In a single moment, the most significant question of all was crystallized. As Neymar powered the ball past Iker Casillas in the 44th minute of the Confederations Cup final, in fact, it was amazing to think that the Brazilian's mentality against the elite international sides was once debated. This was a strike of such stunning ferocity that it was clearly devoid of doubt or hesitation.
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It was the ultimate statement of intent, beautiful in its sheer brutality.
It was also, most importantly, in stark contrast to the ponderousness at the other end of the pitch.
While Spain kept waiting for the right moment, Neymar simply went and made his own. The difference was illustrated in the minute before that goal. Whereas Pedro had squandered the opportunity for a Spanish equaliser by allowing David Luiz to get back and clear, Neymar promptly took everyone else out of the equation.
The most intriguing aspect of Brazil's 3-0 win in the long term, though, was how it immediately inverted the entire narrative.
Prior to that showpiece in the Maracana, Spain were the benchmark, Neymar the pretender. Now, questions abound about whether the Spanish style has finally been figured out, while the Brazilian has seemingly answered every criticism.
Except, in a few weeks, we will reach the next twist in that narrative. Neymar is set to be integrated into that style, at Barcelona. The most controlling team in the world must incorporate the game's greatest wildcard.
It was a contrast alluded to in Johan Cruyff's otherwise contentious comment about the €57 million signing.
"No, I wouldn't have signed Neymar," the Dutch master said recently. "With Neymar on board, I would [have] planned for the possibility of selling [Leo] Messi."
While Cruyff's words have been interpreted as everything from a dark indication about the Argentine's future to a sly dig at Barca president Sandro Rosell, he did touch on a fundamental truth about the Catalan side's style.
Messi's focal position in that team is essentially the ultimate evolution of Cruyff's ideal of Total Football. He is the finest example of an individual able to express himself within a defined collective structure.
That is evident in virtually everything Messi does. As much as the Argentine astounds with his ability, it could not be said he is flashy or indulgent. He doesn't so much beat players with tricks, but with purposeful and efficient moves forward. Every touch has a design. It is what Dennis Bergkamp once described as the "difference between skills and functional skills." There is a hermetic and clinical nature to Messi's play.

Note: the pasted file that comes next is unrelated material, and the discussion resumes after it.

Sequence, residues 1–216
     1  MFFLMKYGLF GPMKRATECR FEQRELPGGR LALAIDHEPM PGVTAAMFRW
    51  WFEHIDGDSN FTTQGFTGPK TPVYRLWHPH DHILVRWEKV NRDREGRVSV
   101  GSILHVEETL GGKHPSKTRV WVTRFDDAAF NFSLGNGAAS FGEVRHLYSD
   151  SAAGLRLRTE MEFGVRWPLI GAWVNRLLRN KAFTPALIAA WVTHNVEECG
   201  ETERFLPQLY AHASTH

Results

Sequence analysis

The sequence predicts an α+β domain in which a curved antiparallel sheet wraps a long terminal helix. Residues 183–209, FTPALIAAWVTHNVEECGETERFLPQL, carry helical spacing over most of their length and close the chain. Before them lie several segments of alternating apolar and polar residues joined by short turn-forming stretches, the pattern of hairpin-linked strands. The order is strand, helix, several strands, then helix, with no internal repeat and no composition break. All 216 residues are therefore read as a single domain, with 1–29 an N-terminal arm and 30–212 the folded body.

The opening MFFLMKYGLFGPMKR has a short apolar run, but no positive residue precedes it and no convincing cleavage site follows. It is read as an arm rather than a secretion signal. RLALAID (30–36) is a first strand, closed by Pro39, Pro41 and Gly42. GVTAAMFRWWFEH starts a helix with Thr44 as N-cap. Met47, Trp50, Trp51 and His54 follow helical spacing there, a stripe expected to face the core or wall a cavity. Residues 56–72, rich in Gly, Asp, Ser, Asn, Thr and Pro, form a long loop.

The same could never be said of Neymar. In fact, one of the lingering fears in Brazil about the move is that the European game may prematurely take that rousing rawness off his style. In that, it's intriguing to think where he'll fit in.
There is a possibility, it must be admitted, that the transfer will represent another Zlatan Ibrahimovic for the Catalans: an individual who too greatly distorts the team's style to the detriment of both.
Alternatively, this may end up fulfilling the intentions of the Ibrahimovic transfer four years later.
At that time, for all the eventual issues with the Swede, there was a logic to Pep Guardiola's purchase.
Anticipating the way in which opposition sides were starting to adjust to Barca's passing-pressing game with deep defending, the coach sought to pre-emptively outmaneuver teams with another angle of attack. It was the same rationale that led to Vicente Del Bosque experimenting with no identifiable forward at Euro 2012.
The issue was that Barca's game was still functioning so well, with Ibrahimovic's manner of playing only disrupting the flow. Quite simply, they looked much more dynamic when he wasn't in the team, with the supreme 2010-11 season illustrating how the Catalans should have gone for David Villa in the summer of 2009 instead.
Now, that same flow is no longer evident in Barca's game. Although an inherent rhythm to their approach ensured they still won the domestic league, a drop in their overall level was repeatedly revealed in Europe.
This is the point being missed in the sweeping pronouncements about the demise of the Spain/Barca philosophy. It is not that opposition sides have worked them out, it's that they are no longer applying their approach with the same intensity. Five years of continued success at all levels have inevitably led to a certain staleness, removing that extra edge and resulting in the ponderousness shown when many of them played for Spain.
It is the dilemma that every coach of a successful squad has faced, and one that Sir Alex Ferguson and Bob Paisley proved particularly adept -- and brave -- at handling. There is a fundamental risk in attempting to make the changes required to reinvigorate a team but instead removing the qualities that make them fundamentally competitive. The big problem for Barca is that risk is even more pronounced than for Ferguson in 1995 or Paisley in 1981. It is extremely difficult to make alterations of sufficient depth without doing the unthinkable and removing one of Xavi, Andres Iniesta or Messi.
That, however, is why Neymar's signing may prove so significant.
The Brazilian allows Barcelona to retain their overall structure, but still offers sufficient spark and unpredictability to restore the vitality of the team. He is that much of an innovator. What's more, he offers the first true variation in the club's attack since a fully-fit Villa proved so important in that 2010-11 campaign.
With opposition sides having increasingly focused on Messi in the past two seasons -- to different degrees of success -- they now have a completely different outlet.
As proved in the Maracana, meanwhile, Neymar also poses a completely different question.